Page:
In 2011, free-market economist Robert Murphy got a very good idea. He challenged Keynesian economist, Princeton University professor, and Nobel Prize winner Paul Krugman to a public debate. Krugman is also a columnist for the New York Times, and as such, is the reigning spokesman for the Keynesian world among non-economists who read the New York Times.
Not being a complete idiot, Krugman has refused to acknowledge the challenge. Murphy had a plan to deal with this likely outcome. He attached a public relations stink bomb. He went to supporters and asked them to pledge money to be paid to the poor if Krugman actually shows up for the debate. So far, donations totaling almost $80,000 have been pledged. (http://krugmandebate.com) The longer that Krugman delays in responding, the more money is pledged. The longer he delays, the more that donors are convinced that he is not going to take the challenge, so they feel confident in making a pledge. It is safe money.
I strongly recommend that Krugman not accept the challenge. I think he is a rational man, so I think he can understand the following arguments.
First, Murphy is a nobody, and Krugman is a somebody. The fact that he would even acknowledge Murphy’s existence would be an advantage to Murphy. This is always the case when a challenger who is unknown challenges a champion, who is known widely. The challenger has almost nothing to lose, except possibly the debate. But the good publicity from having made the challenge is worth risking a loss. I call this the Bobby Riggs strategy.
Second, Murphy is outside of academia, and Krugman is up to his eyeballs in it. Therefore, Krugman is an object of intense envy. There is no group more envious than a bunch of academics, and economists are probably the most envious of the lot. There is only one thing that pleases an academic more than seeing a famous academic taken down a notch: seeing a famous academic taken down two notches. The academics within the big shot’s own discipline are most delighted when this happens, because all of them know that they are far more qualified than the big shot, and they resent the fact that the big shot is so big. If the big shot academic also has access to the media, which means that nonspecialists are actually paying attention to him, the envy is intense beyond anything that the normal person would be familiar with.
Third, Krugman would be regarded as Goliath, and Murphy would be regarded as David. Krugman is all over the Internet all the time, as if he were 9 feet tall, challenging all non-Keynesians, or soft-core Keynesians, calling for ever greater federal deficits and an ever larger Federal Reserve balance sheet. The bigger they are, the harder they fall.
Fourth, Krugman has spent his entire career in academia, which means he has spent his entire career lecturing to students. He can flunk them if they give him any flak. Students are smart enough not to call the bluff of a professor, especially a tenured professor. There is no positive sanction for making a fool of the man in full public view, and the negative sanctions are horrendous. Krugman teaches at Princeton University, which charges over $38,000 a year tuition, plus room, board, and textbooks. Any student who risks getting an F in that environment had better have parents with very deep pockets. So, Krugman is without any experience in public debate. He has been able to get away with conceptual murder in the classroom for his entire career. This is why academics usually are lousy debaters.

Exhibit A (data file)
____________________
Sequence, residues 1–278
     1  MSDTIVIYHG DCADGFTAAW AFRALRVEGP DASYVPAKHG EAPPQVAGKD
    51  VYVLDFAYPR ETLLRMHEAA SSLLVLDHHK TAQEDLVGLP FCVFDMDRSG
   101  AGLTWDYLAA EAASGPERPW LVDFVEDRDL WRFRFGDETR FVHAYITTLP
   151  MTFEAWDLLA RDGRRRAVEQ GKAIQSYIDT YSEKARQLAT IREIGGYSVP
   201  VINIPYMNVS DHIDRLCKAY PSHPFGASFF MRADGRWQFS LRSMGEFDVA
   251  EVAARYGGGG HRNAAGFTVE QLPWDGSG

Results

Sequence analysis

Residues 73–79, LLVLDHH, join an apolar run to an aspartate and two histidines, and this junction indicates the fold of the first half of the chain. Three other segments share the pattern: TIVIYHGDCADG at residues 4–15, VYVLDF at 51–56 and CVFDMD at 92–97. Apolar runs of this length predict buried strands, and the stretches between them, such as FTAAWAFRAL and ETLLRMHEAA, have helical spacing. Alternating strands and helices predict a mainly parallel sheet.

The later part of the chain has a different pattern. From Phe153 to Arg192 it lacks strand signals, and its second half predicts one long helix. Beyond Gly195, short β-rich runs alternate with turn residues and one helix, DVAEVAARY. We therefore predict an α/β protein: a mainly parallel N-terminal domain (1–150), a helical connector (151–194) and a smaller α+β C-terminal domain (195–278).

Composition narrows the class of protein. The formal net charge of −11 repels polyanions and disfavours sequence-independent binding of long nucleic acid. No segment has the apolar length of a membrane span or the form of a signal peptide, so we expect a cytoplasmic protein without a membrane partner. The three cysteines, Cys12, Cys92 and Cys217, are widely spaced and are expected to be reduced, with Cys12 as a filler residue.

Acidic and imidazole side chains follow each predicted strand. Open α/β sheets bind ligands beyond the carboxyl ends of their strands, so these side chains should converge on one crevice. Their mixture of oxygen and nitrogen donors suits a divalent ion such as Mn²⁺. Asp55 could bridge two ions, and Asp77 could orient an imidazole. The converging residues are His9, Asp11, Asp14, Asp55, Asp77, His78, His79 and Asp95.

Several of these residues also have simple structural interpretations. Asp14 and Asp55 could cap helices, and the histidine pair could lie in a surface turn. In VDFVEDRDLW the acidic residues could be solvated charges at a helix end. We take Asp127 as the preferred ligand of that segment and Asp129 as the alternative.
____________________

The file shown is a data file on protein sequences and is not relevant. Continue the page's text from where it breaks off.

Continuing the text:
Fifth, Krugman suffers from a degree of shyness greater than most academics ever experience. He really is stuck for an answer in an elevator if somebody says “hello.” This is not a man to take on a challenger in a public forum which is going to be captured on video and posted on YouTube within 20 minutes after the debate is over.
Sixth, Krugman is a Keynesian. Keynesianism is incoherent in its original form, as proven by John Maynard Keynes in his classic book, which is totally unreadable, The General Theory of Employment, Interest, and Money (1936). To this original incoherence has been added 70 years of arcane formulas, which only economists even pretend to understand, and not more than about 30% of them really do understand. Therefore, a Keynesian is virtually defenseless in the presence of an Austrian school economist in a public debate forum. Austrian school economists learn very easily to speak in common language, and to explain terminology, causes, and effects in terms of categories understood by anybody with a high school education. The Keynesian cannot appeal to his arcane formulas in such a setting, and the Austrian has no arcane formulas to appeal to.
Seventh, Krugman faces an economy with over 8% unemployment, while his colleague from Princeton, Ben Bernanke, has been unable to get the unemployment rate below 8%, despite the fact that Bernanke and his colleagues have counterfeited $2 trillion and spent them into circulation, as Keynesians are supposed to do. Bernanke has recently said that there must be at least another $1 trillion of counterfeiting over the next two years in order to get the rate of unemployment down. But the president of the San Francisco Federal Reserve Bank has said that even after two years and another trillion dollars, the unemployment rate is still going to be over 7%. This is what Krugman would have to defend in full public view. In other words, the Keynesian joint miracle of deficit spending and fiat money creation isn’t working anymore. Murphy, as an Austrian school economist, went public four years ago saying why it wouldn’t work, and now he is going to remind Krugman of the fact that virtually every Austrian school economist said the same thing.
Eighth, Murphy is really good in front of a crowd. Krugman cannot even work an audience in an elevator.
(For more reasons, click the link.)